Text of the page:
This may be the best blend of small-town pleasures around the sound. Langley abounds with art and style but is solidly unpretentious. It offers civilized comforts but is close to nature. It's also close to Seattle by car and ferry (7 miles from the Clinton dock, off State 525), but doesn't draw the crowds you have to expect in La Conner or Friday Harbor. Design shops with fine linens and antiques and handsome galleries of regional art line up alongside the town pharmacy, theater, and mercantile on Langley's movie-set-perfect main street (called First).

Upscale eateries rub shoulders with funky taverns. Old-timers nurse ice cream cones next to a sculpture of Boy and Dog by local artist Georgia Gerber, and smile at views of passing orca or gray whales. A stairway drops to a mile of public beach, anchored at one end by the most talked-about new place to stay on the sound, The Inn at Langley (from $135, double; 221-3033). Terraced into the bluff, its 24 rooms face the sea-each with fireplace, reading nook, hot tub, and deck. The restaurant (weekends only) offers a predinner talk on Northwest cuisine. You must book rooms well ahead. Other lodgings nearby offer more spur-of-the-moment choices; call 321-6765.

COUPEVILLE

The greatest asset of this town, about 25 miles northwest of Langley, is the gorgeous countryside that surrounds it. Beyond Coupeville's false fronts and boardwalks, old wharves and new historical museum, lie golden wheat fields and cobbled beaches, pioneer homesteads and blockhouses, glacier-carved headlands and wind-sculpted conifer groves. Ebey's Landing National Historical Reserve (see the June 1989 Sunset) protects some 17,000 acres of "cultural landscape" not much changed in certain respects since the 1850s.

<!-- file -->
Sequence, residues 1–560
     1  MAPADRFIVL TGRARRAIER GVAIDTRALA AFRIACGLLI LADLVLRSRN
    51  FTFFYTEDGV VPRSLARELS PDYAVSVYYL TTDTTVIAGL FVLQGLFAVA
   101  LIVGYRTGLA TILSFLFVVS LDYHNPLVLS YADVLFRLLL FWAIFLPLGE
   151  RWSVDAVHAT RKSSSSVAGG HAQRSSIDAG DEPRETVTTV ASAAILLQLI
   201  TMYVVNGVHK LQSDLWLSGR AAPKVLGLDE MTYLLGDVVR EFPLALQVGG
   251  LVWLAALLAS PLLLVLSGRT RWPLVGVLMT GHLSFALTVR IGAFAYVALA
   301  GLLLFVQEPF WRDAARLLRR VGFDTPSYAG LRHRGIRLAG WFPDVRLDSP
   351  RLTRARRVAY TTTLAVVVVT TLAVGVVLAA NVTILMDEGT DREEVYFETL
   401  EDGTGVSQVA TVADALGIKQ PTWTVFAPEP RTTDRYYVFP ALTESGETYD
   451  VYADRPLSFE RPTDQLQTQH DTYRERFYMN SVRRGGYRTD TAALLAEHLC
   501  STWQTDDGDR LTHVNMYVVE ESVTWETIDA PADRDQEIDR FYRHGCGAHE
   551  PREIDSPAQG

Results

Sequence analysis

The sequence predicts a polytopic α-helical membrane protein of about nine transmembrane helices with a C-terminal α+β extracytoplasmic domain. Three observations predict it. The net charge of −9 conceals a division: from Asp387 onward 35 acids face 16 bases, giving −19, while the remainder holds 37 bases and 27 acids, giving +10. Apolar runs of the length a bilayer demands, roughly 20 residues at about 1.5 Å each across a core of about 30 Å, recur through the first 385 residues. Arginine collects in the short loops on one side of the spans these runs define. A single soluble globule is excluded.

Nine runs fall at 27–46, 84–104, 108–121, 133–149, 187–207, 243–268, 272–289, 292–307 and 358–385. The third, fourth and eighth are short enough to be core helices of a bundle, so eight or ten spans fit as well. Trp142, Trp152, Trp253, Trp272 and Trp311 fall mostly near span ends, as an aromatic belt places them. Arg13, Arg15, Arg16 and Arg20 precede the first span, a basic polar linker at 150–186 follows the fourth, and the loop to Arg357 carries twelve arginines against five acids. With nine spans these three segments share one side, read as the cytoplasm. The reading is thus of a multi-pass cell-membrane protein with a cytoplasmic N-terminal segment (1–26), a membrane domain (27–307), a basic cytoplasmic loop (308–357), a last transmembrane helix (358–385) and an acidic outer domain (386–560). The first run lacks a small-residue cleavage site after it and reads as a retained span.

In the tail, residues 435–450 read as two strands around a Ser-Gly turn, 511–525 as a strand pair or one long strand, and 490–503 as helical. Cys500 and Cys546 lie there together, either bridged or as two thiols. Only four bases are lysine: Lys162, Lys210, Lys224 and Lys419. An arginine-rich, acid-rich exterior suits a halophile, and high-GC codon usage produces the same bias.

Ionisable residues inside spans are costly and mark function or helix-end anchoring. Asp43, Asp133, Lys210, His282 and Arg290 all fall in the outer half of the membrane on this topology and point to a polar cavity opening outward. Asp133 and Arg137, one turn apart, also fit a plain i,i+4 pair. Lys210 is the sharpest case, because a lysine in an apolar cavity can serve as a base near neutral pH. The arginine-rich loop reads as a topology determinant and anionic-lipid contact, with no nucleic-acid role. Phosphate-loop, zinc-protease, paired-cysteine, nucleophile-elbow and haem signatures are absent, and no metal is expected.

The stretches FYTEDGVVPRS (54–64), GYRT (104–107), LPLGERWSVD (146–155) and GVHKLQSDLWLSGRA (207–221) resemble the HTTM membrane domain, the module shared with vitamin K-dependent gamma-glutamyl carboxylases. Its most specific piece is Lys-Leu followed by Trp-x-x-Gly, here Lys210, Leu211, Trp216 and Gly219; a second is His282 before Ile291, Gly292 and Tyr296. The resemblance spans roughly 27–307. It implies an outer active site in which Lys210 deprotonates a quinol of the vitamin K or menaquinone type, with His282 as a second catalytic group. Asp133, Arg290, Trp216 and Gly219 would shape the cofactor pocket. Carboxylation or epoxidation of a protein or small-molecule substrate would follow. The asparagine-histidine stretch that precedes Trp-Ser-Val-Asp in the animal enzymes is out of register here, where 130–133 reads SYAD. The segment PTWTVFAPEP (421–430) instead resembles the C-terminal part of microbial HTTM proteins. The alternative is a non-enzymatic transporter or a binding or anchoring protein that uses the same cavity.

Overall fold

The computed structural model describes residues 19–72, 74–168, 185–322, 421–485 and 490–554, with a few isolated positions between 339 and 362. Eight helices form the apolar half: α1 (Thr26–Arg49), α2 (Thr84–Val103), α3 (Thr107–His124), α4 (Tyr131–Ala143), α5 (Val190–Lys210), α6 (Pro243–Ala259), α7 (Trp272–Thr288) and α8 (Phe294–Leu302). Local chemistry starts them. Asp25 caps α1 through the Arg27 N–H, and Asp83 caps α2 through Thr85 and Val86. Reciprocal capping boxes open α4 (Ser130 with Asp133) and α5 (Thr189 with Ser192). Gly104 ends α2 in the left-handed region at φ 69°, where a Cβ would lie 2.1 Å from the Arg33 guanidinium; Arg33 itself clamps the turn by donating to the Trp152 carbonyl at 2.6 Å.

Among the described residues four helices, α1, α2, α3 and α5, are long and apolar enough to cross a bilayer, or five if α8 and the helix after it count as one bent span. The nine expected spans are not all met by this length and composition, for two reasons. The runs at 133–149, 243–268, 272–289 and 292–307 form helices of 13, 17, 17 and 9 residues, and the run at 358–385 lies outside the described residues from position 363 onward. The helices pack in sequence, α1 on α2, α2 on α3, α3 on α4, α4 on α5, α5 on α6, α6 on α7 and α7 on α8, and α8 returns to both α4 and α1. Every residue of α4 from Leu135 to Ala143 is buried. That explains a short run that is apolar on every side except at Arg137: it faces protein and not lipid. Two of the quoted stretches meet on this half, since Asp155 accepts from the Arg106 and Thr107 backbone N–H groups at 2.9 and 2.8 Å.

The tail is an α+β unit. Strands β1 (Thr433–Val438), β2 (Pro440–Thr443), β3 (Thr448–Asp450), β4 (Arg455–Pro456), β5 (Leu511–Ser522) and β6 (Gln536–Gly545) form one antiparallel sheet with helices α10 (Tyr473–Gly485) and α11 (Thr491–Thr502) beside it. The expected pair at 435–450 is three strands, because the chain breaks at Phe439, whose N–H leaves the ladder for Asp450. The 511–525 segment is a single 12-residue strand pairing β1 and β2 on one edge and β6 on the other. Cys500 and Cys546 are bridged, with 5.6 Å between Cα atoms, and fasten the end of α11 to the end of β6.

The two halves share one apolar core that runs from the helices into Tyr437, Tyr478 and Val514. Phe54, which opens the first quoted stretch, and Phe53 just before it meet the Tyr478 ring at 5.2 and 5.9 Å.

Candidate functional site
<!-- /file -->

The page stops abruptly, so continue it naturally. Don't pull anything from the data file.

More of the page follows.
Allow time to see some of the reserve on foot-a walk can be the best part of any visit. In town, pick up a brochure with map from the local tourist board office, in Mariner's Court at Front and Alexander streets, 1/2 mile north of State 20. You'll find limited lodgings in town and around the reserve; call 678-5434.

The towns of Friday Harbor and East-sound are delightful, but lodgings and restaurants are crowded in summer-and getting there by ferry and car takes hours. For a faster trip, consider flying in by scheduled small plane. From Anacortes to Friday Harbor takes only 15 minutes, costs only $18 (planes fly from Seattle and Bellingham, too). For details and other help, call 468-3663. Book flights, lodgings, and restaurants well ahead. Off 1-5, La Conner and Old Fairhaven are short detours on the way to Vancouver or the North Cascades.

FRIDAY HARBOR